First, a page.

In the past few years, the field of science policy has seen an increasing emphasis on the “societal value and value for money, performance-based funding and on globalization of academic research.” There has also been a notably growing need for research assessment internally and broad research information systems. During the shift to more dependence on research indicators, the computerization of the research process and moving to social media for academic communication have led to research assessment relying on data metrics. This involves the usage of citation indexes, electronic databases, the repositories of publications, the usage analytics of the publishers’ sites, and other metrics like Google Analytics (Moed, 2017).
According to ASPIRE, a research performance scheme, here are four indicator categories that go into measuring one’s activity and quality of research. The indicator categories include: research income, which measures the monetary value amount in terms of grants and research income, whether private or public; research training, which measures the activity of the research in terms of supervised doctoral completions and supervised master’s research completions, along with measuring the quality of the research in terms of timely supervised doctoral completions (four years or less) and timely supervised master’s research completions (two years or less); research outputs that measure the research activity based on the number of publications (books, book chapters, journal articles, conference papers) and the number of creative works, such as live performances or exhibitions and events (The quality of the research is measured based on the number of ERA-listed citation databases and high-quality creative works determined by an internal peer review process.); and research engagement, which measures the research activity by the number of accepted invention disclosures, granted patents and commercialization income. This indicator measures the quality of the research based on external co-authored or created outputs and external collaboration grants (Edith Cowan University, 2016).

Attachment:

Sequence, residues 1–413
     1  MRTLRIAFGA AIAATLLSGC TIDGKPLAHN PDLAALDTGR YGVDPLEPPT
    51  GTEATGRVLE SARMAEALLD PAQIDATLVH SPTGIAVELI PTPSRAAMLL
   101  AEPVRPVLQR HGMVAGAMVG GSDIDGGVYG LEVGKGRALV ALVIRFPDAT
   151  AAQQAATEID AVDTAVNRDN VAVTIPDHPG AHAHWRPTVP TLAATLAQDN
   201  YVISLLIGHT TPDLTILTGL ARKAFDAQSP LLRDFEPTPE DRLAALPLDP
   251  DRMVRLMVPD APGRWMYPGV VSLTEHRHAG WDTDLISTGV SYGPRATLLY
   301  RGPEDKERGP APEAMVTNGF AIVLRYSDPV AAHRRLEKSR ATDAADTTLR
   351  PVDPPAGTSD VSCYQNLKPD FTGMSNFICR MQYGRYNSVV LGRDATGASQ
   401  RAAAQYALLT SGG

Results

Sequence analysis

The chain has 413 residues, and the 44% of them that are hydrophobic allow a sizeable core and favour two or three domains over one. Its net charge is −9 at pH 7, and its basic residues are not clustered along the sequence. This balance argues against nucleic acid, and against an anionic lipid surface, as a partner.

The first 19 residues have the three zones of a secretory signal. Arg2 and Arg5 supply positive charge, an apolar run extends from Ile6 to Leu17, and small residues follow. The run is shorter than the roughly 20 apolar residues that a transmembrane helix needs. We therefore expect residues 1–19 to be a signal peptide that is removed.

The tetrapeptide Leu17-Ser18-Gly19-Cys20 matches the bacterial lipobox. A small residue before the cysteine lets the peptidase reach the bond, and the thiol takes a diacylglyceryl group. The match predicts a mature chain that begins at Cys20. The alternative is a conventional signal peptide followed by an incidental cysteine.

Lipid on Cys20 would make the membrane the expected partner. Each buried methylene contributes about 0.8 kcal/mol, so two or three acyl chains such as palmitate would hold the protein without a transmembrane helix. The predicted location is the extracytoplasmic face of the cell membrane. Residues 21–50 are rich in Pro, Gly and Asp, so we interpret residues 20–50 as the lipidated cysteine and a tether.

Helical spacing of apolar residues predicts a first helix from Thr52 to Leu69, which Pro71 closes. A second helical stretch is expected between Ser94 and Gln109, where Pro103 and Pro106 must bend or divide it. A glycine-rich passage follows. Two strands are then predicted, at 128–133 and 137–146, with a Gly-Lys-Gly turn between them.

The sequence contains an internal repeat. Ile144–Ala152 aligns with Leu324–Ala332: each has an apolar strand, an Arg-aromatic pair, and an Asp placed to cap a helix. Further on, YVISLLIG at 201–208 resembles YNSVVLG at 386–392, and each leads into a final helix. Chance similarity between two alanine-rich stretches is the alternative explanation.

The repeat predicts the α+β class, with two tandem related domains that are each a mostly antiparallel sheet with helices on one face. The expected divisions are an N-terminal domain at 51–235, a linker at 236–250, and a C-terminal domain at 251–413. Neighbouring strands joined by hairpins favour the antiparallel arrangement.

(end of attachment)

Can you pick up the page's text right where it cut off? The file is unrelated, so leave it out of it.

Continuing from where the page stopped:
Due to the increasing usage of such indicators, there have been many different measures developed to better understand a research’s impact. For example, one way to look into indicators is by measuring outcomes, such as dollars saved, lives saved, and crashes avoided, and combining them with other outputs. This is the method included in the Research Performance Measures System (National Academies of Sciences, Engineering, and Medicine, 2008).